The two latter components are caustic phenolic substances that readily polymerize and are used for epoxy resins, varnishes, and many high-tech materials that can withstand high temperatures, such as brake linings. CNSL is also used as a pesticide against termites in timber, and the bark gum is repellent to insects.

Read Also: How to Select, Store and Enjoy Cashew

The plant may grow to 12 metres (40 feet) in height where the soil is fertile and the humidity high. The leathery leaves are spirally arranged and elliptical in shape. The curved fruit, which is not a true nut, is shaped like a large thick bean and can reach more than 2.5 cm (1 inch) long.

It appears as though one of its ends has been forcibly sunk into a pear-shaped swollen stem (hypocarp), called the cashew apple. The cashew apple, which is an accessory fruit (e.g., not a true fruit), is about three times as large as the true fruit and is reddish or yellow. The true fruit has two walls, or shells.

The outer shell is smooth, thin, and somewhat elastic and is olive green until maturity, when it becomes pale brown. The inner shell is harder and must be cracked like the shells of nuts to obtain the edible seed inside. A brown oily resin is produced between the two shells and can blister human skin.

The cashew apples are picked by hand, and the curved fruits are first detached and then sun-dried. In some localities the dried fruits are roasted amid burning logs, where the heat causes the outer shells to burst open and release the caustic resin.

The resin quickly catches fire, giving off fumes that can be injurious to the eyes and skin. In improved methods of roasting, the poisonous properties are dispelled in roasting cylinders. Later the inner shells are broken open by hand and the kernels heated to remove the seed coat.

Read Also: Health Benefits of Cashew Nuts

Gneneral Culture of Cashew

History, Description and Uses of Cashew

1) Soils and Climate

Tolerant of sandy, poor soils, Soil pH 4.5-6.5, intolerant of poor soil drainage. Drought tolerant if soils are deep, and can grow in areas receiving only 30-50″ of rain per year High rainfall and humidity favor diseases that destroy the flowers and reduce fruit set. No cold tolerance

2) Propagation

Propagation is most often by seed, planted directly in the field where the tree is to be sited. Cashew seedlings can be used for rootstocks for grafted trees.

3) Planting Design, Training, Pruning

Planting Design: 20-35 ft between trees and rows. Cashews form open, spreading canopies naturally, and very little information on pruning exists.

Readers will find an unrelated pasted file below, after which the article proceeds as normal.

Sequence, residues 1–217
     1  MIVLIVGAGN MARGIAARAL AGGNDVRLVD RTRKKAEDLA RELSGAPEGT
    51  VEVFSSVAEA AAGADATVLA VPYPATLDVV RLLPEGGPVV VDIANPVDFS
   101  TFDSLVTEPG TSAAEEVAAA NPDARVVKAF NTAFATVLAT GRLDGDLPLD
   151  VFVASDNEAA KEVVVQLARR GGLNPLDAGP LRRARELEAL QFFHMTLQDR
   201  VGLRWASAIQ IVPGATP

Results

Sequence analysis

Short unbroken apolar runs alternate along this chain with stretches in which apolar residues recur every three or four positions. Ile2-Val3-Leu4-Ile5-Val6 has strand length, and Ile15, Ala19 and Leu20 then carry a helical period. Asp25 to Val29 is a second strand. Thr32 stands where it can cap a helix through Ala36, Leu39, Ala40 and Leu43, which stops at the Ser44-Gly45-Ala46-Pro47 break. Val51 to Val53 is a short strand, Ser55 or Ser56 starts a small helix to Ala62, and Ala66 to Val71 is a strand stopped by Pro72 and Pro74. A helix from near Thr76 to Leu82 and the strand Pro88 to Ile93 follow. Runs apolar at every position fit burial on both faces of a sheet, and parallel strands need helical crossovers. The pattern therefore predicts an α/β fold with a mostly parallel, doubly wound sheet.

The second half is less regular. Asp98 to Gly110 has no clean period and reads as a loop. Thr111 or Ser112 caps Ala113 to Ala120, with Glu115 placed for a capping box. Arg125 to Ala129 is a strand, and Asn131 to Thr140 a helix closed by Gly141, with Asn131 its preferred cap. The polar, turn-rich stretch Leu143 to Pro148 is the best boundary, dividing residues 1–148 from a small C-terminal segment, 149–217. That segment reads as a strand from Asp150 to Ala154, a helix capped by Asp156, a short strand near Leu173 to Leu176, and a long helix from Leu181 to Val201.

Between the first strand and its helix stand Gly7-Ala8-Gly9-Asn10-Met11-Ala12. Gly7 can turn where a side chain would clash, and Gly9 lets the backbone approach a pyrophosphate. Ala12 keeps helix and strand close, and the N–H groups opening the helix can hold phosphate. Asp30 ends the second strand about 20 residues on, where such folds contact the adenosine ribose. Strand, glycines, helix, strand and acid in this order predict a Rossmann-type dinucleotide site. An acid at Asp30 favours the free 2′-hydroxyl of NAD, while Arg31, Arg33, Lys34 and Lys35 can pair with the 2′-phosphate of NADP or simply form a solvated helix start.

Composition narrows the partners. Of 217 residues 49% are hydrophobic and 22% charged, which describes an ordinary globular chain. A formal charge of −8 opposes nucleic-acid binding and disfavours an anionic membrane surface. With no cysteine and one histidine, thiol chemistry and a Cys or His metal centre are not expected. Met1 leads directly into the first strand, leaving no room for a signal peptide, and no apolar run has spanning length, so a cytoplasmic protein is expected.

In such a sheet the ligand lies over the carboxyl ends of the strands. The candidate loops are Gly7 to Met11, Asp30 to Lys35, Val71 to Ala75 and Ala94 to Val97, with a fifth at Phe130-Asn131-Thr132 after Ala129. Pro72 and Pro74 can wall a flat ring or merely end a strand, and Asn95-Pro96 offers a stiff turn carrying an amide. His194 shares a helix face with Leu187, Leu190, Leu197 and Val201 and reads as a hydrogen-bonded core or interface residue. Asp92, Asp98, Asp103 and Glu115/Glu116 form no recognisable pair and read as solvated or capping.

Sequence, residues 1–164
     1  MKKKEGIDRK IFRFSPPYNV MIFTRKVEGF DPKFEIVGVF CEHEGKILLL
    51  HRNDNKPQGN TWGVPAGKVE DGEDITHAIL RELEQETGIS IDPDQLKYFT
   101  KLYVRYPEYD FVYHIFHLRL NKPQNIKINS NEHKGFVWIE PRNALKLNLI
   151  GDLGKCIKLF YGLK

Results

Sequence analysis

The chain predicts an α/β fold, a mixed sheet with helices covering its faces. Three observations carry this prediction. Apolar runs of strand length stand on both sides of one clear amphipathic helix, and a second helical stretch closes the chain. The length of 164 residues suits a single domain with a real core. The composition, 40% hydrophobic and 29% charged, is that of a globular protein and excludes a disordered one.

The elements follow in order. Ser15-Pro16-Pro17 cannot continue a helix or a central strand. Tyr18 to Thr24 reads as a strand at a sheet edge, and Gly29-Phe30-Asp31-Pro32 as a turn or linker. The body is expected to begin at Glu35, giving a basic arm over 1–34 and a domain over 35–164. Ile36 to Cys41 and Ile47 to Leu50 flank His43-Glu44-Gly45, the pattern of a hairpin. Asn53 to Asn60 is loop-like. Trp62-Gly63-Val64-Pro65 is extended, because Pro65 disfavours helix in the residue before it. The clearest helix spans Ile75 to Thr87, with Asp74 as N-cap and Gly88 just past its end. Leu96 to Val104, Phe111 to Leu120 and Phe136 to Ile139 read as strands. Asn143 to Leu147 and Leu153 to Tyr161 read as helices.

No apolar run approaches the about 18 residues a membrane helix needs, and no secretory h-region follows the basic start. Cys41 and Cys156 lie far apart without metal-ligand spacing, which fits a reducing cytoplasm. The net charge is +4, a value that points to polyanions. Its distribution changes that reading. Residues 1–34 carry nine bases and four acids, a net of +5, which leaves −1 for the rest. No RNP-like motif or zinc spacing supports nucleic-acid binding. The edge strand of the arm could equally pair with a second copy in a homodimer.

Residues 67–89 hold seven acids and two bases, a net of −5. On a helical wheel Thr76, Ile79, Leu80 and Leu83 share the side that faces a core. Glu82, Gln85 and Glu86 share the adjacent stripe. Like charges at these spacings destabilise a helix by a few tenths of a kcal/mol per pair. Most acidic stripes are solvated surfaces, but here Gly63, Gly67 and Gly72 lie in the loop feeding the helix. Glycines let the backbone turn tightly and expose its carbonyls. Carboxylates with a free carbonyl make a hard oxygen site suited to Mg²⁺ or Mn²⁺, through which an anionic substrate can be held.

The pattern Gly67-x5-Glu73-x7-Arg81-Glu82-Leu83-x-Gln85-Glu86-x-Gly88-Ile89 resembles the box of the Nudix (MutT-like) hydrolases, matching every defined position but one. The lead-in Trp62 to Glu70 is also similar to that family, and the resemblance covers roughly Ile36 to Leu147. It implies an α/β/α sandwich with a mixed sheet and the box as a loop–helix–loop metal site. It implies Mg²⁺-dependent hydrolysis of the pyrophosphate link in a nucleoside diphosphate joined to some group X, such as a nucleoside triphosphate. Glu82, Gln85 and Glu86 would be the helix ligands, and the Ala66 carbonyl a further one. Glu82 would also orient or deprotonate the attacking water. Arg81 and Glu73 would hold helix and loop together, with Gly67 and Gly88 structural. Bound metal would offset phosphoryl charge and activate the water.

Cashew Harvest and PostHarvest Handling

1) Maturity

The cashew apple and nut abscise from trees naturally when ripe. Maturation occurs over a period of several weeks during the dry season.

2) Harvest Method

Nuts are collected from the ground by hand. Frequent passes though the planting must be made if apples are to be utilized, as they are highly perishable. Rain at harvest may increase rot and stimulate nut germination.

3) Postharvest Handling

The presence of caustic cashew nut shell liquid (CNSL) in the shells makes cashew processing more difficult and hazardous than for other nut crops. After harvest, the nuts are dried in the sun or in simple tray driers and stored for processing later.

Dried nuts can be stored for about 2 years at room temperature after reaching water contents of 5-10%. Nuts are re-hydrated partially by soaking or storing in high humidity since this facilitates extraction of whole kernels and CNSL.

Nuts are separated by size before roasting to ensure uniformity of the roasting process. After roasting, nuts are shelled either by hand or in machines.

4) Storage

Vacuum packed, roasted nuts can be stored for up to one year, and carbon dioxide packing extends life an additional year.

Read Also: Complete Guide on How to Grow and Care for Mango

The Cashew’s Contibution to Diet

History, Description and Uses of Cashew

The cashew apple may be consumed fresh, but contains high quantities of tannins yielding a bitter taste and dry mouth feel. It is more often cooked, partially dried, or candied, as in the Dominican Republic and India.

The alcoholic drink, Feni, is made from fermented cashew apple juice in India. The wine made from the juice is said to be the finest made from tropical fruits. Per capita consumption of cashew is 0.8 lbs/year in the USA.

Dietary value, per 100 gram edible portion:

Cashew nutCashew apple
Water (%)3-786
Protein (%)18-220.1
Fat (%)460.3
Carbohydrates (%)279-15
Crude Fiber (%)1.10.75
% of US RDA*
Vitamin A00
Thiamin, B145
Riboflavin, B212
Vitamin C0200-600
* Percent of recommended daily allowance set by FDA, assuming a 154 lb male adult, 2700 calories per day.

Read Also: Sources and Classification of Hazardous Waste


Benadine Nonye is an agricultural consultant and a writer with several years of professional experience in the agriculture industry. - National Diploma in Agricultural Technology - Bachelor's Degree in Agricultural Science - Master's Degree in Science Education - PhD Student in Agricultural Economics and Environmental Policy... Visit My Websites On: 1. - Your Comprehensive Practical Agricultural Knowledge and Farmer’s Guide Website! 2. - For Effective Environmental Management through Proper Waste Management and Recycling Practices! Join Me On: Twitter: @benadinenonye - Instagram: benadinenonye - LinkedIn: benadinenonye - YouTube: Agric4Profits TV and WealthInWastes TV - Pinterest: BenadineNonye4u - Facebook: BenadineNonye